Director: Brendan & Emmett Malloy
Maika Monroe has yet to prove her staying power since her emergence five years ago, but The Tribes of Palos Verdes is her opportunity to show audiences that she’s an actress with range and the ability to command not only a scene, but an entire film. With multiple roles between 2013 and 2016, including her breakout performance in It Follows, Monroe can be called a young rising star, but transitioning to serious adult roles is more difficult than surprising us in one shockingly good horror flick. This is her chance to shine in something dramatic and impacting, and the results, though mixed, were mostly positive.
The Mason family has recently moved to California from Michigan, the pater familias Phil being a famed heart surgeon who has brought his talents to the rich and famous of the Golden State. He is big on prestige and show, joining the country club right away and dragging the family to fancy parties. His wife, Sandy, doesn’t fit in with the Housewives of the Gated Community, feeling inadequate and unattractive and old. Then there are the twins, Jim and Medina, as close as siblings can be, and simply trying to cope with the move as best they can, while their parents struggle in their own, private, unhealthy ways.
Phil has an affair almost immediately, which is one of the reasons the family moved to Palos Verdes in the first place, to escape a troubled past. Sandy has serious emotional issues, and can’t seem to change out of her bathrobe or face her problems head on. Jim is good-looking and popular, but his mother clings to him as a replacement husband. And Medina watches her family implode one member at a time, never capable of helping them all at once. Surfing draws her to the ocean and away from her family’s dysfunction, but it’s always waiting when she returns home, always hanging over the community like a smog that will eventually kill.
Maika Monroe is 25 and yet continues to play characters who are 15. That’s a problem, especially as she moves into these complicated roles/movies, but you can’t blame her for taking parts that she’s offered. She does have a young look and a baby face, that’s just the way it is, so I don’t fault her for being young while she can, but it doesn’t help audiences take her more seriously. She evens brings some sexuality to this film, a move many young actresses have tried before, in order to gain respect, which is a twisted recipe that Hollywood has concocted, when you really think about it. Shailene Woodley tried the same in White Bird in a Blizzard, and it worked alright, just as Monroe attempt ends up OK instead of phenomenal.
Palos Verdes is an attempt at a modern American Beauty, and an attempt to make Maika Monroe into a real star, both goals being reached with fingertips instead of being grasped by both hands. White Bird was also an American Beauty style film, and it featured an unstable mother, so you can see how filmmakers are using this premise to get our attentions and to launch their actors’ careers. And again, it worked, but perhaps only mostly and not fully. The California background is great, Monroe actually is a surfer, the plot is something we’ve seen but liked before, and everyone gives a solid performance. I was especially impressed by Jennifer Garner, who gave what might be the performance of her career. The content of the film is recycled a bit, but it’s moving material, especially for anyone whose parents went through a divorce, who grew up watching dysfunction like it was normal. Palos Verdes didn’t reinvent the wheel, as the saying goes, but it did use an old tire to propel itself through our line of vision, and I liked what I saw.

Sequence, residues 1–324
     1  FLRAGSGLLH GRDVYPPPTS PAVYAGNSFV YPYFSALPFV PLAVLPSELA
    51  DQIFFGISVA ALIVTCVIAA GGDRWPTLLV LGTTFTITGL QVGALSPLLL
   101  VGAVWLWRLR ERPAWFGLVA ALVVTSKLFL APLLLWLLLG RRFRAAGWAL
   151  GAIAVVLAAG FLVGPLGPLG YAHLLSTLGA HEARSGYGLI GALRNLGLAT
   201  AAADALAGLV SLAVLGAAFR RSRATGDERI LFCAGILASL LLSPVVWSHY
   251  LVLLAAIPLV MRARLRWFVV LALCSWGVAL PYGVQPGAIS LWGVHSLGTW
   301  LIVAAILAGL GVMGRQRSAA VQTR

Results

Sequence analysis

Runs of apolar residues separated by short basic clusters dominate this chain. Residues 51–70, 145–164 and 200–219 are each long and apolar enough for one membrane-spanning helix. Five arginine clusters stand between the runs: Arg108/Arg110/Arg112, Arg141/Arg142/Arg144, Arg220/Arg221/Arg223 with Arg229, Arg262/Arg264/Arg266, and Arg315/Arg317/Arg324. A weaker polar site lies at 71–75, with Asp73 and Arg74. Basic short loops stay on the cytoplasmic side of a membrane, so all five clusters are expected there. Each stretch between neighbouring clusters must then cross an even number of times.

Video – With an aspect ratio of 2.40:1 (1080p HD Widescreen) and shot using an Arri Alexa Mini camera with Cooke Xtal Express lenses, the video quality of the Blu-ray is excellent, with a special eye toward the ocean, the sunshine, and the mischievous nights. The cinematography was great, as were the costumes, especially Medina’s and Sandy’s, and is was obvious that a lot of attention was paid to make this film look just so.
Audio – The disc was done in English DTS-HD Master Audio 5.1 Surround, with an option of 2.0 Stereo. Subtitles are available in English SDH and in Spanish. The audio quality of the film was top-notch as well, with a good sound mix and a nice backing track, complete with a hauntingly simple melody that played throughout.
Extras – The only special features on the Blu-ray are a 9-minute Deleted Scenes reel and a Theatrical Trailer.
Recommended. The Tribes of Palos Altos has flown completely under the radar since its release, but that lack of attention is not completely warranted. It does borrow heavily from others of the same genre, and the action is fairly predictable, but it also leans heavily on a few choice attributes, which is why the film works. One is Jennifer Garner’s excellent performance, another is Maika Monroe’s ability to capture our attention, and the last is a wonderful, manufactured mood that sends you right to the beach, to the gated community, to the angst, to the downward spiral of the characters. The video is beautiful, the audio captivating, and there are a few extras, so the technical aspects won’t disappoint. The biggest knock on this movie would be its lack of originality and of a big punch; you’ve seen most of this before and a bunch of smaller jabs throughout don’t make the same impact as one solid whomp. Still, what the filmmakers were trying to do they did well, and what they actors were asked to bring they brought, which is not something every movie can boast.
☆ ☆ ☆ – Content
☆ ☆ ☆ ☆ – Video
☆ ☆ ☆ ☆ – Audio
☆ ☆ – Extras
☆ ☆ ☆ – Replay